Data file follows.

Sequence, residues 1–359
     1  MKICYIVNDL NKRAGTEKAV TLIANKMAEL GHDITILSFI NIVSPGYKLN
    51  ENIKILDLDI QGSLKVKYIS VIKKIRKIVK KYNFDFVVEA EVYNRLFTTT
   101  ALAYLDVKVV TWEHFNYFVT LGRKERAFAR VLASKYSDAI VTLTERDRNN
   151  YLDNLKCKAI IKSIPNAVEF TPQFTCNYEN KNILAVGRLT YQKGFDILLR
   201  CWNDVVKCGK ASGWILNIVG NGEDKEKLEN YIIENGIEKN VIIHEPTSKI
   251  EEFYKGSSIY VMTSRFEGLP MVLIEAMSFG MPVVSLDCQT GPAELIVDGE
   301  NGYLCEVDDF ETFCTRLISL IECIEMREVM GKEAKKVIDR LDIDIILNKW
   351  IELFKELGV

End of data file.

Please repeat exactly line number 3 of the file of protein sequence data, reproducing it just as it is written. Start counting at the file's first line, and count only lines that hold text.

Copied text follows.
    51  ENIKILDLDI QGSLKVKYIS VIKKIRKIVK KYNFDFVVEA EVYNRLFTTT